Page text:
'Increasingly large numbers of Americans over the years have come to know and value your unique tapestries. Those of us who have come to know you as a friend understand that your art is a reflection of your depth, warmth and personal insight. On the occasion of this Bicentennial event, your many friends at the National Museum wish to pay tribute to a valued and deeply respected American artist of whom we are all proud.'

Ralph Rinzler
Festival of American Folklife
Division of Performing Arts
July 1, 1976

Her work has been exhibited at the Renwick Gallery of the National Collection of Fine Arts, Smithsonian Institution - December 3,1976 through July 10, 1977

Stitch Pictures by Ethel Mohamed

'After the death of her Lebanese husband in 1965 , Ethel Wright Mohamed began to create needlework pictures and this year one of her works depicted the Bicentennial activities of the Smithsonian's Festival of American Folklife.

Most of her elaborately detailed pictures are about life at home in Belzoni, Mississippi, and among the twelve extraordinarily colorful selections in this exhibition are "Waiting for the Stork  "with the midwife and "My Pot of Gold"---the Mohammed's' treasure house of children. There also are scenes of the colonization of America, The Revolutionary War, and a Lebanese marital fable.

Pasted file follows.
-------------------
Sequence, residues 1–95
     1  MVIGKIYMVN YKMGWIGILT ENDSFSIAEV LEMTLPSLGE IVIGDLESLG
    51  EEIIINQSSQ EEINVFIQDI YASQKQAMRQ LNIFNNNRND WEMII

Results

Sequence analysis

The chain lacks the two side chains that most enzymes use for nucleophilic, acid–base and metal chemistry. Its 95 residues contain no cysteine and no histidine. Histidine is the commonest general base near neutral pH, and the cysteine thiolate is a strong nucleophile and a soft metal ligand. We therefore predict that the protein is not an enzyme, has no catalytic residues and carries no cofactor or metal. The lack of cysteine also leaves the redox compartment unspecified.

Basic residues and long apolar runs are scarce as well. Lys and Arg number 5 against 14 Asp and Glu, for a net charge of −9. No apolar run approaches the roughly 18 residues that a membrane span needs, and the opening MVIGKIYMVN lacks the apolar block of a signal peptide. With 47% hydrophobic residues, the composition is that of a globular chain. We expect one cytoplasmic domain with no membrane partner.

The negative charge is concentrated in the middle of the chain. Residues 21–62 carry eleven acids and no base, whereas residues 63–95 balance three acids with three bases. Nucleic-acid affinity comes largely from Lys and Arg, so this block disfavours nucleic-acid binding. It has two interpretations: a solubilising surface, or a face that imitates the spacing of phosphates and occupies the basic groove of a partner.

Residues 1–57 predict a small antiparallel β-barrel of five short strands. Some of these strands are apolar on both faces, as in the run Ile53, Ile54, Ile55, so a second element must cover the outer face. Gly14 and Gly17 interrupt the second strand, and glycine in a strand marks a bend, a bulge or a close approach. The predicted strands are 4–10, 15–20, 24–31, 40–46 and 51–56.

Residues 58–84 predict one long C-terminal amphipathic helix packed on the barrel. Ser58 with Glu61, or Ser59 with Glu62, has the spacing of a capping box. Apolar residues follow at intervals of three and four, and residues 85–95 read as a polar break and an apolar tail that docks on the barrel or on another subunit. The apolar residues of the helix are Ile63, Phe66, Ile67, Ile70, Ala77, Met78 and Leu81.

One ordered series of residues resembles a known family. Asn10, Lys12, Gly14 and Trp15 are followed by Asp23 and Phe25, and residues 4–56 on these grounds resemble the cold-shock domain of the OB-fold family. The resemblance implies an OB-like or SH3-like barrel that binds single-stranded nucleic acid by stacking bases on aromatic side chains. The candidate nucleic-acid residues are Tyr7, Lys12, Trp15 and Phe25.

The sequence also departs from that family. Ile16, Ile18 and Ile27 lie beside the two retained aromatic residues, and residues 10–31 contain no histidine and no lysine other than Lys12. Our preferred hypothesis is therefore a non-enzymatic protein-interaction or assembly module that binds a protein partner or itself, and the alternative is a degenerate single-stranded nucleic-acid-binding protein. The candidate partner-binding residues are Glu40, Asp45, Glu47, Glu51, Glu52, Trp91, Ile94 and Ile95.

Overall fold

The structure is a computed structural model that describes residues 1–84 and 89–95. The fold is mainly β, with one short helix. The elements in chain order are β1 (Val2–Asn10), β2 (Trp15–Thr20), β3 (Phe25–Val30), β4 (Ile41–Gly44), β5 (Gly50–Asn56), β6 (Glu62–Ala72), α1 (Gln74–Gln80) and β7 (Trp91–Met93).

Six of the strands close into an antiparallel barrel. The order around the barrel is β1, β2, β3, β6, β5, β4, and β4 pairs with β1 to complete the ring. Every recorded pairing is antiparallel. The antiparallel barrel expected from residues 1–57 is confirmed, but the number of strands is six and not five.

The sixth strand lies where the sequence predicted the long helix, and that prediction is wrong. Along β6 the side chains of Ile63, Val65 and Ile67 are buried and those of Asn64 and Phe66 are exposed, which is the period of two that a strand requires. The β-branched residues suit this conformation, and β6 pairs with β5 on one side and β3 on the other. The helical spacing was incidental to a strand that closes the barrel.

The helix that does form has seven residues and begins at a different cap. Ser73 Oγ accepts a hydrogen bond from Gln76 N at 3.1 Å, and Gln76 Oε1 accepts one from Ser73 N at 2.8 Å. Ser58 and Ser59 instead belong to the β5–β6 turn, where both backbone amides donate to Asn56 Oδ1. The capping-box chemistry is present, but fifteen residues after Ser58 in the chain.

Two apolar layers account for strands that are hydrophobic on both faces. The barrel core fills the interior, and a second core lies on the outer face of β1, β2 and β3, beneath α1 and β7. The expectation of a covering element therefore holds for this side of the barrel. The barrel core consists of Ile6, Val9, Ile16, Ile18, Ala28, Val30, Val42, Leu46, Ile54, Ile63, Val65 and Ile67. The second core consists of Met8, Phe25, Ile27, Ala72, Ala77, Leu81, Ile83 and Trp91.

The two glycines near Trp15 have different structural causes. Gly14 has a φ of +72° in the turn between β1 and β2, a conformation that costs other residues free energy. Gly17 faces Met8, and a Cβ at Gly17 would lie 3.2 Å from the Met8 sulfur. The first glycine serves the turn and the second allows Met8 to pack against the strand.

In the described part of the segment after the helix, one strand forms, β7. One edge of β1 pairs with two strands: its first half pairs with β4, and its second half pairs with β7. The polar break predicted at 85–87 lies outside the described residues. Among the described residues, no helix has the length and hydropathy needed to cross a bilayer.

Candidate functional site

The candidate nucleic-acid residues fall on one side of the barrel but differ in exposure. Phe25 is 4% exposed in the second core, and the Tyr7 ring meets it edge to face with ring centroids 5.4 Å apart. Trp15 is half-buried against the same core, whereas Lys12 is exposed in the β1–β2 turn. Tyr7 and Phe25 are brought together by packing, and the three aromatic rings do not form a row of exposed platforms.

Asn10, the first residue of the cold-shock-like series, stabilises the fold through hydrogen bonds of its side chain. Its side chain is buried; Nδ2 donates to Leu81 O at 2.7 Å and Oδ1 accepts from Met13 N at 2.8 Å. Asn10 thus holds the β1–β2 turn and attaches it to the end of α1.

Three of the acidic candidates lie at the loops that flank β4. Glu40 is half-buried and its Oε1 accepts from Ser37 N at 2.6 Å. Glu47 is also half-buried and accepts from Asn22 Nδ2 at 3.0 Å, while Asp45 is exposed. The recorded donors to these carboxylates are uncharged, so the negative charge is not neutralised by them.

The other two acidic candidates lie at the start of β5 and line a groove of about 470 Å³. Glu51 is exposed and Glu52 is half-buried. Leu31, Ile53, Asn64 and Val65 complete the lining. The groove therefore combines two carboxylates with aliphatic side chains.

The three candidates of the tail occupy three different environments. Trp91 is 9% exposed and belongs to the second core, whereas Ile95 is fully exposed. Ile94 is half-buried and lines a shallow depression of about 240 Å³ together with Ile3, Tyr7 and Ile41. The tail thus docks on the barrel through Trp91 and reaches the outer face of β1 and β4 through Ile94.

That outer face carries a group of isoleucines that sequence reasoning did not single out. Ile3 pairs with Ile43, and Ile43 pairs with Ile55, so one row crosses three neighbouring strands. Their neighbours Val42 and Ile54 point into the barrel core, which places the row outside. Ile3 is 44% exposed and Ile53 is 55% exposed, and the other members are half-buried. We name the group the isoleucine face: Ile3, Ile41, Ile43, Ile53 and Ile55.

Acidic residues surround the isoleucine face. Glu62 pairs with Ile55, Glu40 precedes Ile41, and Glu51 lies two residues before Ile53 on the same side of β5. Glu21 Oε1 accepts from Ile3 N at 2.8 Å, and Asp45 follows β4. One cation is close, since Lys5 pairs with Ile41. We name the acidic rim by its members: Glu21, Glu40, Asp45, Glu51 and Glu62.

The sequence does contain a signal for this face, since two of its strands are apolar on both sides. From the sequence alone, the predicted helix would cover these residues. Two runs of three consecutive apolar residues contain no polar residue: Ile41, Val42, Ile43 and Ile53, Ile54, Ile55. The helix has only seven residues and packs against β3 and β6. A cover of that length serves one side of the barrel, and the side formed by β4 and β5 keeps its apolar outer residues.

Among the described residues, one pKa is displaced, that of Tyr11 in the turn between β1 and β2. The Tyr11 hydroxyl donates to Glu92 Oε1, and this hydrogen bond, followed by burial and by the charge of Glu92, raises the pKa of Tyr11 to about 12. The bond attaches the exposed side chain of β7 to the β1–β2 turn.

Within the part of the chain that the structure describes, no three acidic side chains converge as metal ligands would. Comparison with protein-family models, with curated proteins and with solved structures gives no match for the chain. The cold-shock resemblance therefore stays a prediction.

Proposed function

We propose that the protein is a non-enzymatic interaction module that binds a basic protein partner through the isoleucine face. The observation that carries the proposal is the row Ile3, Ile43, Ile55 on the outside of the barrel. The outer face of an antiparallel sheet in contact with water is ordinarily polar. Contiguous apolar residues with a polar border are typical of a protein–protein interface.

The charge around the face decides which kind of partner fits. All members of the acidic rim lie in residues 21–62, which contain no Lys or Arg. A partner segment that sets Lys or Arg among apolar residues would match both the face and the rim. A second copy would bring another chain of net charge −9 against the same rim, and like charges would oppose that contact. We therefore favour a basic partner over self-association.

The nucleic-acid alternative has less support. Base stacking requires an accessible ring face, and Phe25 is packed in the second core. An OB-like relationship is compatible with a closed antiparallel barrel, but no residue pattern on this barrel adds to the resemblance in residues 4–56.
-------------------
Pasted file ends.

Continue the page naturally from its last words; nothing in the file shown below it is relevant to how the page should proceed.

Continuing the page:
At Renwick

Doris W. Bowman

In Mississippi

Ethel Wright Mohamed created a tapestry based on her impressions of the 1976 Folklife Festival in Washington, DC. It now hangs in the State Historical Museum in the Old Capitol at Jackson, Mississippi

Mississippi Department of Archives and History

Jackson, Mississippi  published  a book of stitchery pictures by Ethel Wright Mohamed entitled My Life in Pictures.1976

Edited by Charlotte Capers and Olivia P. Collins


'Looking back on the venerable traditions of embroidery documented in the Old Testament Books of Exodus and Ezekiel and portrayed in the earliest Egyptian tomb paintings ,it  is gratifying to encounter a gifted, na´ve artist who documents her family life and personal impressions with open warmth and candor in the midst of out complex, technological society.'

Taken from the  Foreword by:
S. Dillon Ripley
Secretary of the Smithsonian Institution
Washington, D.C.  ,1976